Local News

Federal Funding for Small Businesses, Homelessness Prevention, and Food Program 

Fullerton City Council voted 5-0 at their May 19 meeting to allocate $819,487 in federal CARES Act funding (through the Community Development Block Grant program) to various City programs aimed at providing relief to businesses and residents impacted by the COVID-19 pandemic.

The three main programs are as follows:

Small Business Loan Program ($500,000)

Working with the Small Business Development Center (SBDC), the City will provide low interest loans of up to $25,000 to small businesses who hire (or rehire) a minimum of 1 low-income worker. The first program, with funding of $250,000, focuses on Micro-Businesses with 1 to 5 employees. The second loan program (also with funding of $250,000) is for businesses with up to 100 employees. Loans will be provided to Fullerton businesses that have had one of the following COVID related impacts: loss of 25% or more in revenue, closure due to nonessential business or loss of employees. The loan repayment will be deferred for up to one year and could be forgiven if the low-income worker is retained for one year. If approved, the program would be ready to launch in early June.

An Application Portal will be on the City’s website starting in June.

Small business loan program criteria for eligibility.

Homeless Prevention Through Rental Assistance ($210,000)

The City has many residents in need of assistance to avoid homelessness. To aid in the prevention of homelessness, the City will work with Pathways of Hope, under which up to three months of services will be offered to qualified, low-income residents. This will include rental, utility, or food assistance.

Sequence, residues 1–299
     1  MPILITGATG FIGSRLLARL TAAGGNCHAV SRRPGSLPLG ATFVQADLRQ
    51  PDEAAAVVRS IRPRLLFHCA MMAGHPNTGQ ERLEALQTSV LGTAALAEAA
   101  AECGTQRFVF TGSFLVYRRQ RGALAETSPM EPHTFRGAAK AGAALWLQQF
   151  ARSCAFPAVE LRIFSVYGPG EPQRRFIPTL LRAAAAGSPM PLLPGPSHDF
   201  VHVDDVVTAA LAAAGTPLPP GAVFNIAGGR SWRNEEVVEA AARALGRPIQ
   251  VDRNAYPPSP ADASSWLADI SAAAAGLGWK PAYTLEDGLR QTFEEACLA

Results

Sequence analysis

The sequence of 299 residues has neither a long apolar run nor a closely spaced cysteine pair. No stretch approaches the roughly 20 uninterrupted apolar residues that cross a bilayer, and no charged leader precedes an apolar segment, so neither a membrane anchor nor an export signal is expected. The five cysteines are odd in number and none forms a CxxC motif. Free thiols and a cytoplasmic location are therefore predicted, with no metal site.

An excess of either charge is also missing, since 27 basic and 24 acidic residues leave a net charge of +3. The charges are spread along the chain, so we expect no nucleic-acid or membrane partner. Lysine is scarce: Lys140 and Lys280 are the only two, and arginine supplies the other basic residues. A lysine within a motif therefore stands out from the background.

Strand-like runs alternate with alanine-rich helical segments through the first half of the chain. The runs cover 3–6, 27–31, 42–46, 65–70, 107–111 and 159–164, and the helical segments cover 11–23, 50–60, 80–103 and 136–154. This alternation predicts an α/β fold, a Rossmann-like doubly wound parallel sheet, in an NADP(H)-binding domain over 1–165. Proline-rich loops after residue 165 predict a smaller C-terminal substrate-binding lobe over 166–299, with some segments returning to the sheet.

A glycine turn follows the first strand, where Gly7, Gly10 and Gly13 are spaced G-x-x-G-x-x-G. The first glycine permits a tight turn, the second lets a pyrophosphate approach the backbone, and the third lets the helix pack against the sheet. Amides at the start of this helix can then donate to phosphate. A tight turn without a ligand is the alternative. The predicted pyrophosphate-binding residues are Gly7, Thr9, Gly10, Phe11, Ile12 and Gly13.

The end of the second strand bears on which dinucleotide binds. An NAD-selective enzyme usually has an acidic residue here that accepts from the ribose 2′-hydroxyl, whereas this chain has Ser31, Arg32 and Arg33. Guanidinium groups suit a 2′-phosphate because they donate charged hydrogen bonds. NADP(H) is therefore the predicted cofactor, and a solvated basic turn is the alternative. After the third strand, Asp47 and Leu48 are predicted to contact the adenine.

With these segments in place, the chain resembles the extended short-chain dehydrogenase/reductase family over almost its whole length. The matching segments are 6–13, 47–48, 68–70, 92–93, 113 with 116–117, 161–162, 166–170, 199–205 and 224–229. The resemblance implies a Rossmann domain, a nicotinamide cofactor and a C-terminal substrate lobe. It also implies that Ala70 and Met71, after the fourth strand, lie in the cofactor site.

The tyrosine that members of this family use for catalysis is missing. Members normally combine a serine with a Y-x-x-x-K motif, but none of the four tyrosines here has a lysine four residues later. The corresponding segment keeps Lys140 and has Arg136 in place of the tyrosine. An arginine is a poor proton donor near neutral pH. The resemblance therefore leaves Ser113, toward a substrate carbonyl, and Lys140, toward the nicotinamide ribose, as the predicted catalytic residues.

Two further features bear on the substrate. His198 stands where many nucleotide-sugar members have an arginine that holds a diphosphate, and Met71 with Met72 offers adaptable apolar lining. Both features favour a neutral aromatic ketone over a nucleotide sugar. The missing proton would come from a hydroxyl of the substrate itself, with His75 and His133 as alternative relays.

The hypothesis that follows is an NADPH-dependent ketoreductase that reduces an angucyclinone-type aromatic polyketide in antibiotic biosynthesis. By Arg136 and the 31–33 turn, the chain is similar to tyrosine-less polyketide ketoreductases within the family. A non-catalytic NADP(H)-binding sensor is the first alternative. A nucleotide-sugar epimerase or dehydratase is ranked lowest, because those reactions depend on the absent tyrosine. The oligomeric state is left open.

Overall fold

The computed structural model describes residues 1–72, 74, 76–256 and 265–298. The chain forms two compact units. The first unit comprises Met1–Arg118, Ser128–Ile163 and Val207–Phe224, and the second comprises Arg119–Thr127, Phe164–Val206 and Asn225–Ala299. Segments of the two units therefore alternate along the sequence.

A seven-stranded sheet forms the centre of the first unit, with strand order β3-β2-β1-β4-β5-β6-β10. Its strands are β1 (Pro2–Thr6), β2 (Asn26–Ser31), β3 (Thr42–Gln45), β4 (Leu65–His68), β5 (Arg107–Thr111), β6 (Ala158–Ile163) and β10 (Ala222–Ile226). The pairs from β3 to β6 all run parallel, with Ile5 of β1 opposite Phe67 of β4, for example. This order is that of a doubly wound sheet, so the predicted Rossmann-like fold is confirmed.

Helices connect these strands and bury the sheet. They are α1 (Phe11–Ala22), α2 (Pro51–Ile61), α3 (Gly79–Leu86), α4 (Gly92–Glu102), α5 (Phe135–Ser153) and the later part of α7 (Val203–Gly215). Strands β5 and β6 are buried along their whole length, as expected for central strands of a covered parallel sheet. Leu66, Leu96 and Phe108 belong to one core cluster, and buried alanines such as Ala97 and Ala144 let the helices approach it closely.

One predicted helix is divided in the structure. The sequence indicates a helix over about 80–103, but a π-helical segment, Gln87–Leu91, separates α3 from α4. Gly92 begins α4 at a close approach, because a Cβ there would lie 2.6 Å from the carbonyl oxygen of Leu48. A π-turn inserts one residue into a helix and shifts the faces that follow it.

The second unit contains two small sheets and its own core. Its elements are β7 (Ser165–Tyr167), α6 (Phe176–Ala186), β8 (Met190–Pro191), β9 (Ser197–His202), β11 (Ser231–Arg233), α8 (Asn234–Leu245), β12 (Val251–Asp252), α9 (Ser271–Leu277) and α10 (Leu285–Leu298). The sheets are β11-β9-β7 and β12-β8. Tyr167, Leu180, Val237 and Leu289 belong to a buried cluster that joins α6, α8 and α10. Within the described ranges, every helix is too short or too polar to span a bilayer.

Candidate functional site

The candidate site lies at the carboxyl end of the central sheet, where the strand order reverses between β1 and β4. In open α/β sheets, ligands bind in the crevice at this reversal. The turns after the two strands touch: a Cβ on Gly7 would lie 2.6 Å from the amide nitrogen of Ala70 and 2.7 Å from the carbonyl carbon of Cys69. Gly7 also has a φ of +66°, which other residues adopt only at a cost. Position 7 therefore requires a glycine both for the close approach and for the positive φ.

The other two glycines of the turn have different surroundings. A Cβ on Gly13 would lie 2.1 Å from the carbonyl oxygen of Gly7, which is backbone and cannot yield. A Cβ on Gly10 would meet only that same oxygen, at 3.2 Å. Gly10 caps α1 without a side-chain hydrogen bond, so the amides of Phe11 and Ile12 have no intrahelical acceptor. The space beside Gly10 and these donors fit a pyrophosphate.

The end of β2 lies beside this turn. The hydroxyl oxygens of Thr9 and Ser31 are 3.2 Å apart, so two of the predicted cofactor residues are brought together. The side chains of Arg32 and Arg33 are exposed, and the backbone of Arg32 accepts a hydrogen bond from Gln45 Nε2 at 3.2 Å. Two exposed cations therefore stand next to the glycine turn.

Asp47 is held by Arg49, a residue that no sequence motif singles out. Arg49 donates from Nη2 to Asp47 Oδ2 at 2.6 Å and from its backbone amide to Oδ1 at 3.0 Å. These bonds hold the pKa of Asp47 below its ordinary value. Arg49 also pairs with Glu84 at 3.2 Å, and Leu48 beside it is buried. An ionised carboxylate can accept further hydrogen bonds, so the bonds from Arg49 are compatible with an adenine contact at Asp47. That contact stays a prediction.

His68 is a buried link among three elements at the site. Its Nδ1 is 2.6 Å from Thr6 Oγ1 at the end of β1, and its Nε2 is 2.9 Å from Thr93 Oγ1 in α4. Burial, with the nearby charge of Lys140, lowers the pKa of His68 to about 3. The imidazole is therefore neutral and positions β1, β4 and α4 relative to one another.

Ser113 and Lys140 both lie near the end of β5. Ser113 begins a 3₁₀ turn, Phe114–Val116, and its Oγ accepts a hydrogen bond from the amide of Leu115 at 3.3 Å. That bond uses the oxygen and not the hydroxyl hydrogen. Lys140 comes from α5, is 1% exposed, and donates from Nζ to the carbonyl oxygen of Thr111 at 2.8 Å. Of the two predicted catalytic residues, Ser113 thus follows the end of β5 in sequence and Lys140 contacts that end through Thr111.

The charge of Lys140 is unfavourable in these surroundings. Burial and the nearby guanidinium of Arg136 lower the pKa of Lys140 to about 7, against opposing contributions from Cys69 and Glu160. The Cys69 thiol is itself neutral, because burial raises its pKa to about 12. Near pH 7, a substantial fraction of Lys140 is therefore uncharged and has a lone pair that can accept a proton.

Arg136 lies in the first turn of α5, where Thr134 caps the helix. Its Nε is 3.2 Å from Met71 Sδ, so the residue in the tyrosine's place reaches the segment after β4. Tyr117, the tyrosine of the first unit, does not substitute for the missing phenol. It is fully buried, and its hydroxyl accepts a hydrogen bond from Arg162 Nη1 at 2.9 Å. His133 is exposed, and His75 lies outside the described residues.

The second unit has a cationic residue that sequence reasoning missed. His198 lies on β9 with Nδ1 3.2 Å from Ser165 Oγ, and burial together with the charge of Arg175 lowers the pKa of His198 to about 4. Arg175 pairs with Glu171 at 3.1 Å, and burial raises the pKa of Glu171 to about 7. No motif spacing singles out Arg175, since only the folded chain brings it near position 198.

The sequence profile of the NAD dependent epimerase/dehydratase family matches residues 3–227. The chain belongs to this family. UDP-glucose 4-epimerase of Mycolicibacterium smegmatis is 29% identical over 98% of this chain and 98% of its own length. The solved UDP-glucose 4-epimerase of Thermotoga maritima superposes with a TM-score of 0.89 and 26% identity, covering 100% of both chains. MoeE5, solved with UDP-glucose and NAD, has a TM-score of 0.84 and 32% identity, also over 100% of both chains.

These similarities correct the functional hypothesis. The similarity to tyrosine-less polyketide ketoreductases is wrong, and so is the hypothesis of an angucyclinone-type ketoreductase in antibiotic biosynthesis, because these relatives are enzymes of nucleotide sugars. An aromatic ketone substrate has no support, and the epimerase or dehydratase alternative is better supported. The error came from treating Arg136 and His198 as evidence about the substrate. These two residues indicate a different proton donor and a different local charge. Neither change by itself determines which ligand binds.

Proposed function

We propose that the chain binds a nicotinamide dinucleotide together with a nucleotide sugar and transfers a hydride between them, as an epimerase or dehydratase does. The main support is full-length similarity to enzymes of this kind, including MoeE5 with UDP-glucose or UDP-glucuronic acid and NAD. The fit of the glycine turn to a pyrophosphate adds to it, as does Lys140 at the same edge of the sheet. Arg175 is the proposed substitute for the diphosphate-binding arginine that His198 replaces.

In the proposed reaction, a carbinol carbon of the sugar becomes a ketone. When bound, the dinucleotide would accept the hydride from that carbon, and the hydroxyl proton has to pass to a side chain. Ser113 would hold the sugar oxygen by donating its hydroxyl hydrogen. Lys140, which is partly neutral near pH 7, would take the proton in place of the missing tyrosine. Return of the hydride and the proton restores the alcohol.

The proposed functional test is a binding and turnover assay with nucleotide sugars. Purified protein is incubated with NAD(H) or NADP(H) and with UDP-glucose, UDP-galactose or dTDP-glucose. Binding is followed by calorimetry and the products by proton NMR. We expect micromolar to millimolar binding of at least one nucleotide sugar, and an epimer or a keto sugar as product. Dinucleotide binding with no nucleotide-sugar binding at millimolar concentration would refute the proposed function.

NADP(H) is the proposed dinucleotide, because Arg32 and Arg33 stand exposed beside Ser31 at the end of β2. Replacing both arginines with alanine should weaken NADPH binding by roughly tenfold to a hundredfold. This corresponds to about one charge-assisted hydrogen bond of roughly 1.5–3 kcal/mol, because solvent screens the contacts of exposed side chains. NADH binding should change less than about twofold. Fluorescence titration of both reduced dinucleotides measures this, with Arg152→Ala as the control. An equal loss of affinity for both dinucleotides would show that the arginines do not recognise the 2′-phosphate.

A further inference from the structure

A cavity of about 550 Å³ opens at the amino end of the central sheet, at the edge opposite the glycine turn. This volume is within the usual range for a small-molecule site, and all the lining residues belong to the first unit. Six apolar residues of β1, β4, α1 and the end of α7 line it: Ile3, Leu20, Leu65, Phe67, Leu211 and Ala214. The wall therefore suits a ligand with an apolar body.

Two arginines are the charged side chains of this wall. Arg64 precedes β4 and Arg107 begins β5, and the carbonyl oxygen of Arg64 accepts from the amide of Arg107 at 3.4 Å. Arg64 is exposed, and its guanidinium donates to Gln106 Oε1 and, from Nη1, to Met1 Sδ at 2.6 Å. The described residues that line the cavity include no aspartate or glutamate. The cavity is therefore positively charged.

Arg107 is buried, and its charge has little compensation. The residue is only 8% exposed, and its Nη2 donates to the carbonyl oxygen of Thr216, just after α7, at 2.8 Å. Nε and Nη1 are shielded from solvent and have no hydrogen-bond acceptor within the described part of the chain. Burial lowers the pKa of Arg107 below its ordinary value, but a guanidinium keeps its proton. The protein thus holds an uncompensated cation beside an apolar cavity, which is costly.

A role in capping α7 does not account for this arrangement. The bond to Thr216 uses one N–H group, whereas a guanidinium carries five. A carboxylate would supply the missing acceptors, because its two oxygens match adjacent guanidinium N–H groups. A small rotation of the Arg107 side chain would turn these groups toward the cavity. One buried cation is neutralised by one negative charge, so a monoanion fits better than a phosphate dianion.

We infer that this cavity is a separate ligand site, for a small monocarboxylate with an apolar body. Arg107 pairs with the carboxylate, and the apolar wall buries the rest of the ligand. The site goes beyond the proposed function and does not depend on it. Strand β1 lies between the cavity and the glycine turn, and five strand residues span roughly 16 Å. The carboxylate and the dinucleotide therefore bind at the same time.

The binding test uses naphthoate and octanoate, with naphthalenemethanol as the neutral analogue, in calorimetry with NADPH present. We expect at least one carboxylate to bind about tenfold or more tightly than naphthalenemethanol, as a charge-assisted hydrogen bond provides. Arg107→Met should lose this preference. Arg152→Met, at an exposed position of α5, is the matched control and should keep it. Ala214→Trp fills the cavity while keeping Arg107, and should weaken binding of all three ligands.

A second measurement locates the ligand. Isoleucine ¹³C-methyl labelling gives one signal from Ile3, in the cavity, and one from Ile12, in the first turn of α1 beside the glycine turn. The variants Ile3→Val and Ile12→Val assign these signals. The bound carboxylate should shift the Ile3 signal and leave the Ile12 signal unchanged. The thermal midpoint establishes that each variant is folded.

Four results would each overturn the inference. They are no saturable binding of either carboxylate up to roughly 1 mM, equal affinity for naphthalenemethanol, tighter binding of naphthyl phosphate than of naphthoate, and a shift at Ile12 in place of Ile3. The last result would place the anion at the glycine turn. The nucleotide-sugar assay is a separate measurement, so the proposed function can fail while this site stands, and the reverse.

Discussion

A letter submitted to council by Cesar Covarrubias, executive director of The Kennedy Commission, a local affordable housing advocacy group, urged council to allocate the rental assistance funds “in a way that ensures the program is truly accessible to all residents, especially the most vulnerable” and for the City “to find additional funds that can be used to ensure legal representation is provided to tenants during eviction cases.”

“The local, state, and judicial protections currently in effect only delay evictions; they do not prevent them,” Covarrubias wrote. “Once the protections are lifted, we fear there will be an overwhelming amount of evictions filed that will cause many to be displaced.”

Some aspects of the City’s Homeless Prevention program, from a presentation given at the May 19 city council meeting.

Feed Fullerton ($85,000)

To ensure seniors, or persons of low-income have adequate nutrition during this time, the Feed Fullerton program will work with both the senior and low-income populations that are currently not receiving food assistance and will team with our local residents to deliver hot meals. An additional $7,000 will go to Meals on Wheels Orange County to assist with the additional meals being served to seniors through the City’s Senior Center, as well as $7,000 to Fullerton City Lights (CARE Housing Social Services) to assist with emergency food assistance for their residents.

Some aspects of the Feed Fullerton program, from a presentation given at the May 19 city council meeting.

Program administration costs will be $10,487.

The Citizen Participation Plan, established to encourage citizen input on how the money was allocated, was decreased from 30-days to 5-days (May 12-19), which was allowed during local, state or national emergency declarations.

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